Pages Menu

Posted by on Mar 24, 2012 in AdvisorShares, Investment Perspective

Mini Flash, ETFs, Reg NMS, and Stop Lights

Friday was an interesting day for market participants and observers.  Apple (AAPL) had a mini flash crash.  As a sponsor of ETFs it was interesting not to see people quickly blame Apple (or iPads??) for this.  I know it’s a silly thought but that is exactly what happened two years ago for our last flash crash.  The cries blaming ETFs caused the SEC to have a special investigation into how ETFs participated in that event.  Thankfully, BATS (an all electronic stock exchange) was quick to raise their hand and take the blame (software malfunction) – which led to many interesting articles talking about the “machines” striking back.  Then the BATS IPO fiasco, again blamed on the “machines” (their own).  Also no cries that IPOs cause flash crashes either (I agree, not the IPOs fault).

For me I think back to how Reg NMS took the human element out of trading and allowed the “machines” to take over.  I am not against technology.  It’s great for so many things, including the financial markets.  However, human intervention has value too.  Technology alone can’t effectively raise your kids, or manage employees.  Even the robots Amazon recently purchased need human oversight and intervention.  I know there were some challenges with the specialist model, but we chose to pull down the stop lights and the speed limits instead of fixing the real problem.

I know the exchanges have implemented their own form of priced-based stop lights, but it needs an experienced human eye to see the prices that are coming in and understand the best way to provide the execution.  Did we have stub quotes in the old specialist model?  I don’t recall that we did, but maybe I don’t remember.  Stub quotes are illegal now, but somehow BATS trades went off at .01??  That doesn’t seem like a software glitch as much as it seems like someone is taking advantage of a electronic only system (maybe I have this wrong and those .01 are not real trades place by someone (or someone’s machine).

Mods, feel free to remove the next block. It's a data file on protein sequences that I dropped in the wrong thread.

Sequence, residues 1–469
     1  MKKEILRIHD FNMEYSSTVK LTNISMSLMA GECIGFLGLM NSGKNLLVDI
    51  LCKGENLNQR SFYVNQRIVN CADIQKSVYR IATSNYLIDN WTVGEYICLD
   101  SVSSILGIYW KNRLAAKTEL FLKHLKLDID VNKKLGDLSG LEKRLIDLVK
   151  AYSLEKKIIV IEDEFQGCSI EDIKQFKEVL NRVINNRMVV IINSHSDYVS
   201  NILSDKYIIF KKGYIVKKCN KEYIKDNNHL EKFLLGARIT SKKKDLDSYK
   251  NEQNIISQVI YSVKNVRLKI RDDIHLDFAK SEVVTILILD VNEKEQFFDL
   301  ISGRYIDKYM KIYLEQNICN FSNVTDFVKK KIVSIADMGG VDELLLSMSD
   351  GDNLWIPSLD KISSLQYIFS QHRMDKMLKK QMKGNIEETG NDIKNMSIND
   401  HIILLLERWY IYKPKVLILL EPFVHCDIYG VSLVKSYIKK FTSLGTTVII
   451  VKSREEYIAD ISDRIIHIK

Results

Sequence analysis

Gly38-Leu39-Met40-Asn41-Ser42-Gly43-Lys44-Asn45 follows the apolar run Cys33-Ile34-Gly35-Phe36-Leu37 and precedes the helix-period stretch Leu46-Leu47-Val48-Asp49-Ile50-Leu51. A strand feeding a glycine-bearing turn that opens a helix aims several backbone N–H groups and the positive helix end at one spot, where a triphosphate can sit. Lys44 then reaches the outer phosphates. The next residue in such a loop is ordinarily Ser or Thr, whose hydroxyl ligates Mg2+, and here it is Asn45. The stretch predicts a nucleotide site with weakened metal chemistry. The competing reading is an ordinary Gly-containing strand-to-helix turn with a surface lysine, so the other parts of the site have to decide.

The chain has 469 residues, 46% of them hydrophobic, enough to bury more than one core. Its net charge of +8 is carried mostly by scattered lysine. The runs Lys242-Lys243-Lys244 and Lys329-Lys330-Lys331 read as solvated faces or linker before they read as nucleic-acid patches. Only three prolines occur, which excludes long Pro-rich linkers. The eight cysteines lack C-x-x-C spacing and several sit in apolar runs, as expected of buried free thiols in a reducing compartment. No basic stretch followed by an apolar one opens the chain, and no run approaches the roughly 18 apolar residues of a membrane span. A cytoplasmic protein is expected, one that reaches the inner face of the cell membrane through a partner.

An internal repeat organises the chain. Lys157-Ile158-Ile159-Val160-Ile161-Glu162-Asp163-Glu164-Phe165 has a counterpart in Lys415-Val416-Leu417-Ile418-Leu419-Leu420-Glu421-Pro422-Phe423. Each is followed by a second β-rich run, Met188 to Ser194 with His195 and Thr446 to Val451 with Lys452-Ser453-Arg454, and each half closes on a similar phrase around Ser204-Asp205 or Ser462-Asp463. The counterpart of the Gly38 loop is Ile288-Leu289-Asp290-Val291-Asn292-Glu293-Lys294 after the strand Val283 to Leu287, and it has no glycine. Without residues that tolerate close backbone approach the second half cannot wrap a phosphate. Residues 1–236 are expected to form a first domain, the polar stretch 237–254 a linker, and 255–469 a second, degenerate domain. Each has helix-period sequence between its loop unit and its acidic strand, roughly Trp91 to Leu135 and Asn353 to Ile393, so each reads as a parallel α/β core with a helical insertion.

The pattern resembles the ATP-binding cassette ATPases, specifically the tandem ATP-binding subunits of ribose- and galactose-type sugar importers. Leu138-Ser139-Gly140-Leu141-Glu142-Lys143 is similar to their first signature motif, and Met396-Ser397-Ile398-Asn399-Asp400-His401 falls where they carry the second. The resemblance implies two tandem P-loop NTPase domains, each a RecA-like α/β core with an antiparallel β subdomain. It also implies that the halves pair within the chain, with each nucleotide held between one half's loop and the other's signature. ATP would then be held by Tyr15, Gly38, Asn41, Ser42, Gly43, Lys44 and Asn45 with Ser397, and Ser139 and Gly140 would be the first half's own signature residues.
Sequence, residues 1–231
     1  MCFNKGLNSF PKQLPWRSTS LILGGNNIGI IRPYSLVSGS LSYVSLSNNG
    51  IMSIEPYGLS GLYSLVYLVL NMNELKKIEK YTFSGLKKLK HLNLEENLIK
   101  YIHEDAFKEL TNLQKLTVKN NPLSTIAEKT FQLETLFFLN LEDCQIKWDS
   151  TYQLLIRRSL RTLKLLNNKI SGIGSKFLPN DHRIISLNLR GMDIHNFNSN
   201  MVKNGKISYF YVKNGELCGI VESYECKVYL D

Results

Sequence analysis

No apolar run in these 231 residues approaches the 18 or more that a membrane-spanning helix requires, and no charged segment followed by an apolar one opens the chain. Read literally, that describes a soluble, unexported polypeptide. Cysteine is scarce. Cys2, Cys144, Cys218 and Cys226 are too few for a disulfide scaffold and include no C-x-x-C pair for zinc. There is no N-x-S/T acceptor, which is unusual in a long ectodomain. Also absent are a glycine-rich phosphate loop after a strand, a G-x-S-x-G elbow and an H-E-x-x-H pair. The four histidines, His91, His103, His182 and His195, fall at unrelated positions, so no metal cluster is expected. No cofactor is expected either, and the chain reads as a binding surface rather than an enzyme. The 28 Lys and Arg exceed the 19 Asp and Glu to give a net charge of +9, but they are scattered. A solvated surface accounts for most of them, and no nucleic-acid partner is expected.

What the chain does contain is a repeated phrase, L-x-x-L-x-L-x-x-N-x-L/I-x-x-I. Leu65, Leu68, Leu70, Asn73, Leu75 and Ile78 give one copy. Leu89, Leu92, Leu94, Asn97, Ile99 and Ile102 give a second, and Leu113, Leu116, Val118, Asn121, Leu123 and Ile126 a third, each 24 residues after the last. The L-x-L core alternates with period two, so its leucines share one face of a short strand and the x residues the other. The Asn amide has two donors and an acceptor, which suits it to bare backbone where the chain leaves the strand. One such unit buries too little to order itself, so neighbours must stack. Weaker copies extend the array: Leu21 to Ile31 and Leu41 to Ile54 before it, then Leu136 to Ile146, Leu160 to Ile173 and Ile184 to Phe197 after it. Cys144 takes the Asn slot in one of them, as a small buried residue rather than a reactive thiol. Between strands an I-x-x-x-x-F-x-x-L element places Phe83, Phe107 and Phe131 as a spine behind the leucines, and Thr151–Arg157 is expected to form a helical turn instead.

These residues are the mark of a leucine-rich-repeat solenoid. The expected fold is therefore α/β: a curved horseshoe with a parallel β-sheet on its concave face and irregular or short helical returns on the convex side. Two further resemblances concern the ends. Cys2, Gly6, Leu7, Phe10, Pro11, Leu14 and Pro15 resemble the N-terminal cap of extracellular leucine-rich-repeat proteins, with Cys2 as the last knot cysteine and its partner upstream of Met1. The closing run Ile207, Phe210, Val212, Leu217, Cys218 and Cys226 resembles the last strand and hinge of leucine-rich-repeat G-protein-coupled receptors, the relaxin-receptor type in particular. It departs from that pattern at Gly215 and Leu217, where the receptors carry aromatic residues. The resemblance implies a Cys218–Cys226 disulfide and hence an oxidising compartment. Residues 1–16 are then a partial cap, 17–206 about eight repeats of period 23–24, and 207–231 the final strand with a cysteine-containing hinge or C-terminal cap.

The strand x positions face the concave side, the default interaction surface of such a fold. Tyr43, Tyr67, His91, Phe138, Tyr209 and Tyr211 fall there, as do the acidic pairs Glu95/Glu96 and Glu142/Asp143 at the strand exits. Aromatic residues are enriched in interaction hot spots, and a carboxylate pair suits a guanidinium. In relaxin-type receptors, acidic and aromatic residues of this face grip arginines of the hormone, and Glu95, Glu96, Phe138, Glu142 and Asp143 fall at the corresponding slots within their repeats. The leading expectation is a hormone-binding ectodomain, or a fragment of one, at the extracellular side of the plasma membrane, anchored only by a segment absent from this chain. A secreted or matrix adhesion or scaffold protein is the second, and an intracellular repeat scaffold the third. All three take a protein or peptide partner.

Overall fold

To bring the specialist back would be a big change.  The NYSE has redesigned their floor for the new electronic era.  Though, I think there could be some hybrid, right?  Use the machines for market orders within a range of best bid/ask, and then the rest go to a specialist?  I don’t know, there are much smarter people out there who can come up with much better ideas.  Either way, we need to bring the stop lights and speed limits back to our markets.  It’s not even to get rid of the flash crashes.  Those get corrected easily.  It’s the global confidence in our markets that is far more important.  You take the stop lights and speed limits off our roads, and people are nervous to drive; it’s not different for our markets.

One last note, on  the TVIX, it’s not an ETF (exchange traded FUND), it’s an ETN (exchange traded NOTE).  It’s a bond/debt instrument whose interest payment is tied to something else (in this case 2 times the movement of the VIX).  To me, investing in the VIX is like yacht racing.  You need to be really wealthy, and only using a small portion of your wealth, or incredibly sophisticated.  If you are neither, please stay away (from any investment you don’t understand).  If you are looking for a way to hedge your portfolio, find an expert who knows how to do it.

As always, thanks for your support.  We promise to try post more often.  Please send us your feedback at and follow us @advisorshares on twitter.

The AlphaBaskets blog provides frequent market insight and commentary by AdvisorShares Investments, LLC, created by AdvisorShares and other leading active managers.  AdvisorShares Investments is an SEC-registered investment adviser and the investment adviser to the AdvisorShares actively managed ETFs. The views expressed on AlphaBaskets should not be taken as investment advice or a recommendation for any of the actively managed ETFs advised by AdvisorShares.